Time Stands Still — Broadway


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Time Stands Still — Broadway YouTube video Broadway show preview.



What: Times Stands Still Show
Where: PLAYING AT
CORT THEATRE
How Long:
2 hrs.
(1 Intermission)
BUY TICKETS
FROM
$57
Average Weekly Schedule:
MONDAY DARK
TUESDAY 7:00PM
WEDNESDAY 2:00PM 8:00PM
THURSDAY 7:00PM
FRIDAY 8:00PM
SATURDAY 2:00PM 8:00PM
SUNDAY 3:00PM


Time Stands Still opened again on Broadway at the Cort Theatre beginning September 23, 2010, with the official opening on October 7. Three of the four cast members returned. Alicia Silverstone has prior scheduling commitments and Christina Ricci plays the role of Mandy. This production will close on January 30, 2011.

Time Stands Still is a Broadway play written by the Pulitzer Prize winner Donald Margulies and directed by Tony Award winner Daniel Sullivan about changing relationships and developing social issues. It was nominated for two Tony Awards for Best Play and Best Performance by a Leading Actress in a Play for Laura Linney.

In January 2010, it ran on Broadway at the Samuel J. Friedman Theatre in a Manhattan Theatre Club production, again directed by Daniel Sullivan. Alicia Silverstone reprised her role as Mandy, with Laura Linney starring as Sarah, Brian d'Arcy James as James and Eric Bogosian as Richard. The New York Times said "the heart of Time Stands Still lies in the gently evolving relationship between Sarah and James, which develops troubling new ripples in each scene" and said Silverstone "brings warmth, actorly intelligence and delicate humour." The New York Daily News said Margulies "writes with intelligence and humour and creates dialogue that always hits the ear as real."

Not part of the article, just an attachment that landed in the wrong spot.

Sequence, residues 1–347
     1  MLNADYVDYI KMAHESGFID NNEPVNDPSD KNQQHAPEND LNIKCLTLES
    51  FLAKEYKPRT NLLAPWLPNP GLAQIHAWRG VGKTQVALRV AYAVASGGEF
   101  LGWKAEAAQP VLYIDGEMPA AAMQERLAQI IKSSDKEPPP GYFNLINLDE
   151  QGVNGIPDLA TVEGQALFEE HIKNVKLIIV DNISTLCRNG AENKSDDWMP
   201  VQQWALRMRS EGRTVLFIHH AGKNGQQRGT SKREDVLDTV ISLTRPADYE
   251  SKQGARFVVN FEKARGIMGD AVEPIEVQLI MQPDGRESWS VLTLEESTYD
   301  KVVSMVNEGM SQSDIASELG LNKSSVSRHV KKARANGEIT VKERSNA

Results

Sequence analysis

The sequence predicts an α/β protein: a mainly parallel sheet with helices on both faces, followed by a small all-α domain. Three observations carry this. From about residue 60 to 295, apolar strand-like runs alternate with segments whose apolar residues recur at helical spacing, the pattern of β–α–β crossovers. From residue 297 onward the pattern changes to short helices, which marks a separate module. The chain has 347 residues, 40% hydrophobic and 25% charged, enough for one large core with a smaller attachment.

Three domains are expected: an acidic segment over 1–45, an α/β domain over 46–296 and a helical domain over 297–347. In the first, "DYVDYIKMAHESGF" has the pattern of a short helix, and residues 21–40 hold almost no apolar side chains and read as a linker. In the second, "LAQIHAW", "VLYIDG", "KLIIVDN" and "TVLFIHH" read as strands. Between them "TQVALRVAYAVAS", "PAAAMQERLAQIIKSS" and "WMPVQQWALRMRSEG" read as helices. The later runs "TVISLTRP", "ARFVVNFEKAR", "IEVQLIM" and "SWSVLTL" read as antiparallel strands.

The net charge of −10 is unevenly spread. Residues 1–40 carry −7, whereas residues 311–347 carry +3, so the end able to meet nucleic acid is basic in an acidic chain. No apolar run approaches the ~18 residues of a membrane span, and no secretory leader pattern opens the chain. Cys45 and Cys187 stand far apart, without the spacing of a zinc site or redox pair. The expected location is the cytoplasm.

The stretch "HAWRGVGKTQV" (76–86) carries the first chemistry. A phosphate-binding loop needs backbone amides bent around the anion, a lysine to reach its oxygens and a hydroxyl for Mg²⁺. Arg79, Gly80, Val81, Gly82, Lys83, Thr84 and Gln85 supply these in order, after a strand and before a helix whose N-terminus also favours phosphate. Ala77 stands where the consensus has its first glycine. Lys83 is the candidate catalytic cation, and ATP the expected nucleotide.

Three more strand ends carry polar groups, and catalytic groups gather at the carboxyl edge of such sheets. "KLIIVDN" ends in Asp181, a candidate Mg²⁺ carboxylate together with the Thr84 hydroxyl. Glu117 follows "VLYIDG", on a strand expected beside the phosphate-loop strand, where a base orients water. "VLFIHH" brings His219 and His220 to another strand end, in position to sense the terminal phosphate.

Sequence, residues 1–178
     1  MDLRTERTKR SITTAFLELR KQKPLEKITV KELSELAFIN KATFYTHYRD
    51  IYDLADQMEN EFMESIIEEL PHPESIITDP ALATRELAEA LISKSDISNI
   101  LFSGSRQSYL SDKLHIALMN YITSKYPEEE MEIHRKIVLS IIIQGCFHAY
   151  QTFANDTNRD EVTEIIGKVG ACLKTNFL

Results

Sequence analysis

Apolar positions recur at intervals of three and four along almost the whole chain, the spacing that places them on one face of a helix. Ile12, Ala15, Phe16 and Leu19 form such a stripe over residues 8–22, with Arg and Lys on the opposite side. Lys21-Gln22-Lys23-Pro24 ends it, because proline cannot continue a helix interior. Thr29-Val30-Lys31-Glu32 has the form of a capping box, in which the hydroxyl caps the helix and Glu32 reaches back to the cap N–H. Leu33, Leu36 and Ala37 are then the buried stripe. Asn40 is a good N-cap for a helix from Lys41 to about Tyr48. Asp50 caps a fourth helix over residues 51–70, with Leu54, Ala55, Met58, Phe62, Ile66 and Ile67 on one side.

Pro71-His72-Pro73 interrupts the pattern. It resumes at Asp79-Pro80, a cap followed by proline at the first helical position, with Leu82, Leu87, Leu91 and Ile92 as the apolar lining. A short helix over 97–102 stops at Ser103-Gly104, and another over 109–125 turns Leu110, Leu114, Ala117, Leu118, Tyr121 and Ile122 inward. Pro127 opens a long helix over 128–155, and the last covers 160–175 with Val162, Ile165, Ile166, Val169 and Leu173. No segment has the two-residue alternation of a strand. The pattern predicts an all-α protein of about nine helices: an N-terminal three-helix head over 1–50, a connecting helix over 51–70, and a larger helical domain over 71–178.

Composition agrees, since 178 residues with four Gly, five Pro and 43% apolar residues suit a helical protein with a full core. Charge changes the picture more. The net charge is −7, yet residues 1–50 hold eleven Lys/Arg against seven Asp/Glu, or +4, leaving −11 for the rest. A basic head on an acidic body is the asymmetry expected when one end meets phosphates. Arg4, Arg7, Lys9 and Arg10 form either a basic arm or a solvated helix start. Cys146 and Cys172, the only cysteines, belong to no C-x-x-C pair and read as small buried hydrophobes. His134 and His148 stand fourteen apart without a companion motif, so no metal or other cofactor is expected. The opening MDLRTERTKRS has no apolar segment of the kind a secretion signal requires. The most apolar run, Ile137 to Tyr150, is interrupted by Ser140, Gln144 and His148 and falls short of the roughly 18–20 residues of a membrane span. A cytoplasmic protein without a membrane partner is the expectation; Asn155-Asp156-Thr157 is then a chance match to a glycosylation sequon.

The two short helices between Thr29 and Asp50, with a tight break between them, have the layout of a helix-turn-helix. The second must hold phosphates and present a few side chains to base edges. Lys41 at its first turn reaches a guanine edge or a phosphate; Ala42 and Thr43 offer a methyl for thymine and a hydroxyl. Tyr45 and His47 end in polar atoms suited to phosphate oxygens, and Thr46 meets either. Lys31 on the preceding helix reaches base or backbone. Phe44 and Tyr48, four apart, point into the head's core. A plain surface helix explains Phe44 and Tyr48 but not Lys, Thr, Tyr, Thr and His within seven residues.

Time Stands Still premiered in February 2009 at the Geffen Playhouse in Los Angeles and was the fourth collaboration for writer Donald Margulies and director Daniel Sullivan. It starred Anna Gunn as Sarah and David Harbour as James. Robin Thomas appeared as Richard, with Alicia Silverstone as Mandy. Margulies stated that the meaning of the play was "to capture a sense of the way we live now, to dramatize the things that thinking, feeling, moral people are thinking about and struggle with." The Los Angeles Times called it a "compelling if at times elusive drama" and praised Gunn's performance.

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